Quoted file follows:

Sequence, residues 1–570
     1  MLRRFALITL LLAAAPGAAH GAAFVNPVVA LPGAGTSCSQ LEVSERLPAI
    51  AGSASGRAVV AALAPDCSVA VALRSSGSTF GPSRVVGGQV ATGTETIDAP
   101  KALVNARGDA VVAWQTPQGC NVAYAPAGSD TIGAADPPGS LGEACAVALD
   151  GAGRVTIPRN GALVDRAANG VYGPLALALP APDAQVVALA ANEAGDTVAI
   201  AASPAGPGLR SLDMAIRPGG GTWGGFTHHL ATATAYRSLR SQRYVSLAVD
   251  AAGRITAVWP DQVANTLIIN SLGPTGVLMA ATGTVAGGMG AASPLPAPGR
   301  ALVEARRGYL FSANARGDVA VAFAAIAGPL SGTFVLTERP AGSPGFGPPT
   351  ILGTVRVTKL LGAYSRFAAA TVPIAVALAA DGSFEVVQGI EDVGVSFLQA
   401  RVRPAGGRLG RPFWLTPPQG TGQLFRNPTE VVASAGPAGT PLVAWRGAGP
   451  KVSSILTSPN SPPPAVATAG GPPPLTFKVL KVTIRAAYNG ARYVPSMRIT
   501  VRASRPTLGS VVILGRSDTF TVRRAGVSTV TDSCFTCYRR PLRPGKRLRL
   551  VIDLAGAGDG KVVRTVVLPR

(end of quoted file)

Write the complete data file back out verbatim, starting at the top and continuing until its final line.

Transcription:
Sequence, residues 1–570
     1  MLRRFALITL LLAAAPGAAH GAAFVNPVVA LPGAGTSCSQ LEVSERLPAI
    51  AGSASGRAVV AALAPDCSVA VALRSSGSTF GPSRVVGGQV ATGTETIDAP
   101  KALVNARGDA VVAWQTPQGC NVAYAPAGSD TIGAADPPGS LGEACAVALD
   151  GAGRVTIPRN GALVDRAANG VYGPLALALP APDAQVVALA ANEAGDTVAI
   201  AASPAGPGLR SLDMAIRPGG GTWGGFTHHL ATATAYRSLR SQRYVSLAVD
   251  AAGRITAVWP DQVANTLIIN SLGPTGVLMA ATGTVAGGMG AASPLPAPGR
   301  ALVEARRGYL FSANARGDVA VAFAAIAGPL SGTFVLTERP AGSPGFGPPT
   351  ILGTVRVTKL LGAYSRFAAA TVPIAVALAA DGSFEVVQGI EDVGVSFLQA
   401  RVRPAGGRLG RPFWLTPPQG TGQLFRNPTE VVASAGPAGT PLVAWRGAGP
   451  KVSSILTSPN SPPPAVATAG GPPPLTFKVL KVTIRAAYNG ARYVPSMRIT
   501  VRASRPTLGS VVILGRSDTF TVRRAGVSTV TDSCFTCYRR PLRPGKRLRL
   551  VIDLAGAGDG KVVRTVVLPR